by Throw The Bums Out on Fri Mar 07, 2014 at 06:51:40 AM PST

                [ Parent ]

                •  Take the example of my Samsung Galaxy S III (0+ / 0-)

                  I can root the phone at its latest level of Android OS from Samsung/Verizon, but the bootload chain is now signed and encrypted practically from start to finish - prior exploits which overwrote unsigned/unencrypted portions of the bootchain and allowed for installing+running custom recoveries are no longer available.

                  Boot time sigs/encryption are being checked by hardware, which means that reverse engineering the keys is, for all intents and purposes, impossible for mere mortals.  If I tried to overlay a custom recovery+OS which could use the hardware for pretty much any purpose imaginable, the processor will find an incorrect signature on bootup and it bricks, immediately.  Meanwhile, a flag gets tripped which cannot be unset and tells the service provider that the phone was compromised.

                  So, I can update my phone with slightly edited versions of the latest stock OS, but no other recoveries or OS versions.  There's still potential to get into some of its guts with root access, but there are now limits on how crazy anyone could go with this device.

                  Samsung isn't the first to do this, as Motorola has been doing this at behest of service providers for awhile.  Other manufacturers are following similar paths.

                  "So, please stay where you are. Don't move and don't panic. Don't take off your shoes! Jobs is on the way."

                  by wader on Fri Mar 07, 2014 at 08:27:16 AM PST

                  [ Parent ]

                  •  I thought you could downgrade to an (0+ / 0-)

                    earlier system through ODIN and then flash that bootloader that lets you run unsigned OSes from there.

                    You have watched Faux News, now lose 2d10 SAN.

                    by Throw The Bums Out on Fri Mar 07, 2014 at 09:23:52 AM PST

                    [ Parent ]

                    •  Instant brick due to what I described, (0+ / 0-)

                      since the latest Android OS update (r4.3).  For example, Verizon Wireless apparently asked Samsung to sign+encrypt previously exploited areas of the boot chain and also to kick off the Knox fuse when attempts to overwrite with wrong signature are made.  Unless someone exposes the security key(s) or provides an unsigned version of r4.3, Galaxy S and Note phones are locked down since upgrading to that stock OS level.

                      Motorola has had this situation for awhile (minus Knox).

                      "So, please stay where you are. Don't move and don't panic. Don't take off your shoes! Jobs is on the way."

                      by wader on Fri Mar 07, 2014 at 09:40:11 AM PST

                      [ Parent ]

                      •  Well then what do you make of (0+ / 0-)

                        this thread then?  It is apparently a way to install a custom recovery on 4.3.  

                        Interestingly enough it seems that when it "bricks" that does not disable ODIN mode, you would think that it would require at least that special SD card to recover from if not a JTAG for maximum security.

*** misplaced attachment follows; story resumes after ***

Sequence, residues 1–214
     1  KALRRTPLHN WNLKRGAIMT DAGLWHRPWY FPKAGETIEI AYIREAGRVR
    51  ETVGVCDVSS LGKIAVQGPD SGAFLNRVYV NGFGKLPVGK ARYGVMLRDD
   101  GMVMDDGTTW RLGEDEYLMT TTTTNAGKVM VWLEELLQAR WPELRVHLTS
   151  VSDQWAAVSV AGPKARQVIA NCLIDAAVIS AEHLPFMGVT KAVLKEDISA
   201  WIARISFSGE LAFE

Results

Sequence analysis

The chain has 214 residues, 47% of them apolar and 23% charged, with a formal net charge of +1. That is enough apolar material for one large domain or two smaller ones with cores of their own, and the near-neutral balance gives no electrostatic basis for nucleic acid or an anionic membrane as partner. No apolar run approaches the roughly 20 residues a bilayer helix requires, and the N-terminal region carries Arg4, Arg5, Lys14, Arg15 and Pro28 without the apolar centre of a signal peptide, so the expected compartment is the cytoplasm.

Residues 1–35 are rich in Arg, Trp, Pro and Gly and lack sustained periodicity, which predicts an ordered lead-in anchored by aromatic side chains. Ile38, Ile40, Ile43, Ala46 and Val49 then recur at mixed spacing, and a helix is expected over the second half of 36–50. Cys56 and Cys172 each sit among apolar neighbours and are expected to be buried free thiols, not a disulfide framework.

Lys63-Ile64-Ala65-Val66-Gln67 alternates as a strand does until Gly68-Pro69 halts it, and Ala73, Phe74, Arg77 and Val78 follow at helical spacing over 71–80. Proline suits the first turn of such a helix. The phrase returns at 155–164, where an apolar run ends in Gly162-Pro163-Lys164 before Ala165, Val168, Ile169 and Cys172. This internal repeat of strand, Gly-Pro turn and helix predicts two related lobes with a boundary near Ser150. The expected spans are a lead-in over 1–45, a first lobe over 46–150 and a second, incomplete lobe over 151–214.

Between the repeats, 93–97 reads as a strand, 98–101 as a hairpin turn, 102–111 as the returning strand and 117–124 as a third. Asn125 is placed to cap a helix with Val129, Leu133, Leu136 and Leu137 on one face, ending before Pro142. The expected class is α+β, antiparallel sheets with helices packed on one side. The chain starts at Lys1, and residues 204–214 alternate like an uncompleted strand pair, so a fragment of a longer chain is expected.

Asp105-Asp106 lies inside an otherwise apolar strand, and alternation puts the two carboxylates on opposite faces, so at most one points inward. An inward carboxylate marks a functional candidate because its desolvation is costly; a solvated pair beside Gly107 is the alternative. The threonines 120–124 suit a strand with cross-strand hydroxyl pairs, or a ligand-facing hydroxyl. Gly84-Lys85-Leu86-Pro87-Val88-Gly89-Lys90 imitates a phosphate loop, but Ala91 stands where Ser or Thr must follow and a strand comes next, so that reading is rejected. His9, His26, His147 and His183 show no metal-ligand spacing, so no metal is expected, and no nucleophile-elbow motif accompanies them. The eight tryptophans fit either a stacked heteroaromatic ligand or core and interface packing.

You have watched Faux News, now lose 2d10 SAN.

                        by Throw The Bums Out on Fri Mar 07, 2014 at 09:50:06 AM PST

                        [ Parent ]

                      •  Nevermind, that was for AT&T (0+ / 0-)

                        rather than verizon.  Looks like SafeStrap is currently the only option (though I don't see why kexec couldn't then be used to then boot a different kernel).

                        You have watched Faux News, now lose 2d10 SAN.

                        by Throw The Bums Out on Fri Mar 07, 2014 at 10:02:21 AM PST

                        [ Parent ]

    •  There's always a backdoor (8+ / 0-)

      No matter how secure someone tells you a system is, there is always, ALWAYS a backdoor that enables all the hardware features to be accessed.

      •  Yeah and security conferences like (4+ / 0-)

        Blackhat, Def Con, and CanSecWest are where they have all the nice presentations on how to do all that stuff.  From the femtocell wiretapping hack to how the Xbox 360 reset glitch was discovered and used to how the Wii U was cracked open to even a keystroke logger that can be plugged into any outlet in the house or even built into a power meter.  That's right, your cable box could be monitoring everything you type on your computer right now (ok, so the researchers were only able to get it working with PS2 keyboards but that was in 2009 and 4 years is plenty of time to make it work with USB keyboards as well)!

        You have watched Faux News, now lose 2d10 SAN.

        by Throw The Bums Out on Thu Mar 06, 2014 at 07:25:42 AM PST

        [ Parent ]

      •  Just because you've discovered a back door (3+ / 0-)

        to encrypted data doesn't mean that you can therefore decrypt that data. I find it hard to believe that RSA-level encryption can be defeated this easily. That's like finding a backdoor to a bank vault. You still have to open the vault!